LOS ANGELES, CA.-The history of one of Americas great popular art forms is traced in the landmark exhibition Masters of American Comics, co-organized by the Hammer Museum and The Museum of Contemporary Art, Los Angeles (MOCA) and on view simultaneously at both museums through March 12, 2006. It is the first major museum exhibition to examine the development of comic strips and books from their genesis at the beginning of the 20th century to the present through in-depth presentations of 15 influential artists. Masters of American Comics features a staggering 900 sketches, drawings, proofs, newspaper Sunday pages, and comic books by Winsor McCay, Lyonel Feininger, George Herriman, E.C. Segar, Frank King, Chester Gould, Milton Caniff, Charles M. Schulz, Will Eisner, Jack Kirby, Harvey Kurtzman, R. Crumb, Art Spiegelman, Gary Panter, and Chris Ware.
Following its Los Angeles debut, the exhibition travels to the Milwaukee Art Museum (April 27 August 13, 2006) and The Jewish Museum, New York, and the Newark Museum, New Jersey (September 15, 2006 January 28, 2007).
Unprecedented in its scope, the exhibition provides understanding and insight into the medium of comics as an art form. The work in Masters of American Comics will be organized chronologically to be on view simultaneously at both Los Angeles institutions. Special admission offers and shared membership benefits will be available during the run of the exhibition.
"Among the most innovative and influential art forms of the 20th century, comics have made a singular impact on visual culture that continues to this day," said MOCA Director Jeremy Strick. "This museum partnership underscores the importance of the art form and the extraordinary contributions of these 15 artists."
Comic strips and comic books were among the most popular and influential forms of mass media in the 20th century, and have been described as "one of America's few indigenous art forms" by Art Spiegelman. These 15 comic art masters defined an original form and raised it to the highest levels of artistic expression, reflecting on American culture with critical insight as well as popular appeal.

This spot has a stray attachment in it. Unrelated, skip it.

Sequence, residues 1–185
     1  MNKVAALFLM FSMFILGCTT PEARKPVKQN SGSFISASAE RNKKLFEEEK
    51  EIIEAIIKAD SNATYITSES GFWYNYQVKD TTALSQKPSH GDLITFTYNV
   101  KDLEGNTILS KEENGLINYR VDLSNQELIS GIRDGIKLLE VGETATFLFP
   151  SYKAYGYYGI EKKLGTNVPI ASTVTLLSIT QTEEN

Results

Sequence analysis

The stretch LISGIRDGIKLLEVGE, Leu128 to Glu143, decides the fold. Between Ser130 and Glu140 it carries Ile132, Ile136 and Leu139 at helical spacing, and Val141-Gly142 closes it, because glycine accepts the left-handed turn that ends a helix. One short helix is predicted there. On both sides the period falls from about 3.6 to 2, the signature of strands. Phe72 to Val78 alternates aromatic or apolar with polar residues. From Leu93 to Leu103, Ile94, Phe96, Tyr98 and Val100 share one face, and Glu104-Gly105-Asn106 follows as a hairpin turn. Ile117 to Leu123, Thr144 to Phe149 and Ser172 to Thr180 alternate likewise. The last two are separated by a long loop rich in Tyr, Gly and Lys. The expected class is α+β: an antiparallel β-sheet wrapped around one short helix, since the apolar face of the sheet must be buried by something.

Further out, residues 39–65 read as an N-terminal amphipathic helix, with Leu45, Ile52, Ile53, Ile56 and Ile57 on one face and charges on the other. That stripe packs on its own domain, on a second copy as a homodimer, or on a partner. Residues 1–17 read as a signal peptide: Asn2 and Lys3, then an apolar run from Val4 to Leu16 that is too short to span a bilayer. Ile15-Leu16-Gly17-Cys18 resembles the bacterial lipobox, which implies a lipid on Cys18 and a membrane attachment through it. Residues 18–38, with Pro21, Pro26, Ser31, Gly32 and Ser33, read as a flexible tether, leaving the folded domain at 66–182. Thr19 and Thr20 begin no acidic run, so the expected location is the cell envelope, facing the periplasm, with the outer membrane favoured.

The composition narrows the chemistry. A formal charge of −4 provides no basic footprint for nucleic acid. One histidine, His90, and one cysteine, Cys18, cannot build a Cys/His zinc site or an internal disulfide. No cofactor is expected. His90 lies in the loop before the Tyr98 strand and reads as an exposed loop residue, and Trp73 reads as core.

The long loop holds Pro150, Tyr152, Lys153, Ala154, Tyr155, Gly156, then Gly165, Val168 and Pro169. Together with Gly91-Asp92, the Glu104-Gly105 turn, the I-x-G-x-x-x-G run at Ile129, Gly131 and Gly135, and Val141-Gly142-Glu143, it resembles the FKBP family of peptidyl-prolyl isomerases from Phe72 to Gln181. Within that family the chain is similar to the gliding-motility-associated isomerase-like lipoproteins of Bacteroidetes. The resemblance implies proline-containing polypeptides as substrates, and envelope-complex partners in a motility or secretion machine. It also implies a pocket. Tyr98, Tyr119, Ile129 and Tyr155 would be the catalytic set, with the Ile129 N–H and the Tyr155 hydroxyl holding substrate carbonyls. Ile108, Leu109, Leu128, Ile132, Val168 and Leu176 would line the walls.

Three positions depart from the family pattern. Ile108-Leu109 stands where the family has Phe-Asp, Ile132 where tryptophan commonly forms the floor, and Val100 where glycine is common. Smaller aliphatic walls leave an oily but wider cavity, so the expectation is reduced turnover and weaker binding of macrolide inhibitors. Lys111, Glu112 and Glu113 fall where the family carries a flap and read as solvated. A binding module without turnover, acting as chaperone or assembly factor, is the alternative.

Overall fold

"Comic strips and comic books are quintessential components of American culture," said Hammer Director Ann Philbin. "We are very pleased to present an extensive exhibition that brings to light the work of these 15 cartoonists and establishes their roles as significant American artists with mesmerizing storytelling abilities, brilliant draftsmanship, and often biting social commentary."
Masters of American Comics is the first art museum exhibition to examine comic strips and books on this expansive scale, with over 900 objects on view at the two institutions. Each artist is represented by in-depth groupings presented as a series of individual retrospectives featuring a range of each artists works from conceptual sketches and finished drawings to printers proofs, tear sheets, printed newspapers, comic books, and graphic novels. The exhibition environment and display cases are specifically designed by Chu + Gooding Architects, unifying the presentations at both museums, and highlighting the individual contributions of the artists and the ways in which they reinvented the medium to significantly influence their peers and subsequent generations.
Comic strips from the first half of the 20th century will be shown at the Hammer Museum in Westwood, and comic books from the 1940s onward will be featured at MOCA in Downtown Los Angeles. At the Hammer, the exhibition traces the beginnings of American newspaper comic strips through the influential work of such pioneering comic artists as Winsor McCay (Little Nemo in Slumberland) and George Herriman (Krazy Kat), who set the stage by defining the formal attributes of the genre in the early 1900s. Focusing on the great achievements of this new art form through the centurys first decades, the Hammers presentation also includes the groundbreaking work of Lyonel Feininger (The Kin-der-Kids and Wee Willie Winkies World), E.C. Segar (Thimble Theatre), Frank King (Gasoline Alley), Chester Gould (Dick Tracy), Milton Caniff (Terry and the Pirates), and Charles M. Schulz (Peanuts).
At MOCA, the second part of the exhibition will consider comic books from the early Golden Age to the rise of the independent comics movement. Comic books began as a form in which newspaper comics were reprinted and, with the rise of such series as Will Eisners The Spirit and Jack Kirbys Captain America and Fantastic Four, became the dominant popular medium for narrative illustration. In addition to Kirby, particular attention is also paid to Harvey Kurtzman, whose MAD Magazine transformed the medium into one capable of great artistic expression and social commentary beginning in the early 1950s. By the mid-1960s, R. Crumbs work in Zap Comix added a new level of personal expression and extended the significant role of independent and underground comic books and graphic novels. This medium continues to evolve today through the innovations of such artists as Art Spiegelman (Maus, and In the Shadow of No Towers), Gary Panter (Jimbo), and Chris Ware (Jimmy Corrigan: The Smartest Kid on Earth).